Re: FUSA vs. GDM

On Wed, 2006-03-01 at 12:10 -0800, Brian Cameron wrote:
> James:
> >> Simply copying the user's /etc/gdm/gdm.conf file to /etc/gdm/custom.conf
> >> will workaround the problem until I correct it in the next release of
> >> GDM.
> >>
> >> Again, apologies for the trouble.
> > 
> > The problem is that everything FUSA currently reads from the config file
> > (exceptions, min/max uid, global face dir, max user filesize, and allow
> > root) are no longer reliably stored in one file anymore. The config file
> > location is already compile-time configurable, but as you mentioned, the
> > *intended* use is to keep everything possible in default.conf, with an
> > almost-blank custom.conf that overrides a few values.
> > 
> > I probably overreacted by suggesting that FUSA get pulled, but if
> > there's a pretty obvious bug with recent GDMs (namely a totally
> > uncontrollable user list), then I'm willing to hold off until 2.16. That
> > said, I'll try to get the fix done by the end of this week and see what
> > the release team thinks.
> I think I understand what your problem is, now.  Is FUSA trying to
> read the GDM configuration files directly?  If so, I would very much
> recommond *not* doing this.  It is likely that the configuration
> format in GDM will get futher complicated in the future.  There is a
> GDM bug where people are asking to be able to set [server-foo]
> specific key/values that would override the default and custom values.
> Not really sure how this would work, but someone may provide a patch
> for that someday and make it even harder to parse.

Yes, it is reading the configuration file directly, from C, via glib's
GKeyFile API (generalized successor to the gnome_config code, which in
turn was the starting point for the ve_config API) for ini-style
configs. The location of the file is defined compile-time. The only
exec() calls in the applet are for the external apps in the right-click
menu (gdmsetup, gnome-about-me, and users-admin).

FUSA also monitors the config file and /etc/passwd for changes to try
and keep the menu up-to-date with the GDM configuration and available
users (editing either should result in instant-apply across all users'

In other words, FUSA is all C, and nestled quite closely with GDM's
face-browser config. This is why splitting the config files broke things
in a bad way.

It's also why I was temporarily insane after being told "it doesn't
work" the day after entering code freeze. My own fault, but it's a
pretty obvious regression, pretty late in the game :-).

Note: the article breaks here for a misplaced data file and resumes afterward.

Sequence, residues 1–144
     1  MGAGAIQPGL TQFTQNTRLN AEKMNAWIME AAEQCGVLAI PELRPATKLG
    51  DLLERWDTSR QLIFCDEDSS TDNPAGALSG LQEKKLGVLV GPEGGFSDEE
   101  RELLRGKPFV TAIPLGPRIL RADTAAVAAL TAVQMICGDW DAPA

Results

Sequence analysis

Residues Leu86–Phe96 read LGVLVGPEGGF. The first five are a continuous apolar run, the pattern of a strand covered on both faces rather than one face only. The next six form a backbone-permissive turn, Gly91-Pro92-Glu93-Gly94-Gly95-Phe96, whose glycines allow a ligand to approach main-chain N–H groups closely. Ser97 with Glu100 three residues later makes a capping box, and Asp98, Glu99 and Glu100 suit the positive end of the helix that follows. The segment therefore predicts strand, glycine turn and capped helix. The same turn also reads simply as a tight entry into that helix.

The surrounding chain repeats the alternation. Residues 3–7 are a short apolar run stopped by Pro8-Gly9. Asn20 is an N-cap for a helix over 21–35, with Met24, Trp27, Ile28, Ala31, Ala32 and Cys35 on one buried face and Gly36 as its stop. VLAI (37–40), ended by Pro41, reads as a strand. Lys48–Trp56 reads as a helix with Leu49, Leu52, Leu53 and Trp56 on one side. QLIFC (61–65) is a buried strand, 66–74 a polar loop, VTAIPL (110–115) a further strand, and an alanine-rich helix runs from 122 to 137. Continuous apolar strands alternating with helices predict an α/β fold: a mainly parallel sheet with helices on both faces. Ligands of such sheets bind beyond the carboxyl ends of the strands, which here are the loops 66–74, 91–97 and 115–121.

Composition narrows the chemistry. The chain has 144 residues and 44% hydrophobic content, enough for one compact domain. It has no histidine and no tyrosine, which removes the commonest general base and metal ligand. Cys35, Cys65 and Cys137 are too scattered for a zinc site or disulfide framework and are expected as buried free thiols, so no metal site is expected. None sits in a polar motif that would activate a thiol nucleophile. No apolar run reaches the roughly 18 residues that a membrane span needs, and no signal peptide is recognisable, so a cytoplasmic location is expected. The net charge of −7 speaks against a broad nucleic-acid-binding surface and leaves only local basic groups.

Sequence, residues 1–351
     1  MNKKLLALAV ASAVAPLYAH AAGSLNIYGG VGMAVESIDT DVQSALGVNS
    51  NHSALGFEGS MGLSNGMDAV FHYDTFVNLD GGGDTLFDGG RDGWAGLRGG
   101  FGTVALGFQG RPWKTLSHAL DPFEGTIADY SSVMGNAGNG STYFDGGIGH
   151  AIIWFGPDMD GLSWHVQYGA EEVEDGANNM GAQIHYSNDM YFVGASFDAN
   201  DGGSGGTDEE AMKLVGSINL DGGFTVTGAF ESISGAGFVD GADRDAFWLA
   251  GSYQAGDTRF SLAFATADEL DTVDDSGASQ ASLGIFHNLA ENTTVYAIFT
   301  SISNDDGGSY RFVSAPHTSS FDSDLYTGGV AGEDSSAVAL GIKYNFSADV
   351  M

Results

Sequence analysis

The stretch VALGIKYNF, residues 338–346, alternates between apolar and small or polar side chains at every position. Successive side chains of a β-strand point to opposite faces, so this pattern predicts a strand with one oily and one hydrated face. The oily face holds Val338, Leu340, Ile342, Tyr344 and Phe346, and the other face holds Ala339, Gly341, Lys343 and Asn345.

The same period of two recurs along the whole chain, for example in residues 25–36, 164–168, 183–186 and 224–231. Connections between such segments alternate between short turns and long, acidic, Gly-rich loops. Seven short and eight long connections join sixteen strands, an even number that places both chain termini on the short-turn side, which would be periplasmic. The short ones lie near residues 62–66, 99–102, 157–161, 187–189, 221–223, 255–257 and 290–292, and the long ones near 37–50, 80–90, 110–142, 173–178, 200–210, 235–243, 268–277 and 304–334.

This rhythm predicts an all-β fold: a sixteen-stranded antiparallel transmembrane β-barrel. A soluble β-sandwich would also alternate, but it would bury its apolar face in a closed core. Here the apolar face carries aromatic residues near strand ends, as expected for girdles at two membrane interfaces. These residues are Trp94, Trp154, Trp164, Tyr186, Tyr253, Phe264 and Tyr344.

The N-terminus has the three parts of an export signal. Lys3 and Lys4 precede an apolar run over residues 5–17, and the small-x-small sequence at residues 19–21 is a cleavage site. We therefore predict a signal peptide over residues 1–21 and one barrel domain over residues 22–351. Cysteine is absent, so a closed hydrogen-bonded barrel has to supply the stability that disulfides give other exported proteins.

> The better way to get config data is to call the following command
> (using the gui/Include key as an example):
>     gdmflexiserver --command="GET_CONFIG gui/Include"

Yes, and:

1.) It's an even bigger waste to exec gdmflexiserver than it is to just
read the file(s) myself, particularly when
2.) GET_CONFIG didn't used to work. I know, I tried to use it at first,
but gave up because
3.) The socket doesn't appear to provide change-notification. Not the
end of the world (in that only an admin can change the settings), but
still worse than monitoring a config file.

> Does this make your problem easier to fix?  This is a much more
> stable mechanism for getting config data from GDM and should be
> easier for you to fix than writing a bunch of code to parse the
> config files.
> Brian

Updating the backend to just talk to the daemon was what I was going to
concentrate on after 2.14, when I could freely do large changes like
that, because breaking things temporarily, and requiring GDM
would be less of an issue during the unstable 2.15 cycle.

For now I'll just try to read the default.conf location from the socket
parse it, and monitor & merge custom.conf/gdm.conf as it is now. If
GET_CONFIG_FILE comes back ERROR, I'll just assume everything is in
custom/gdm.conf. It sucks, but it'll work with newer GDMs, assuming
these changes are the only one's I'll have to deal with for the 2.14

Which leads me to the Big Question: Is it reasonable to assume that the
current config scheme will remain stable through the GDM 2.14 series?


James Cape

"The greatest kick is the sense of being in the vortex of social
                                        -- Harvey Wesserman

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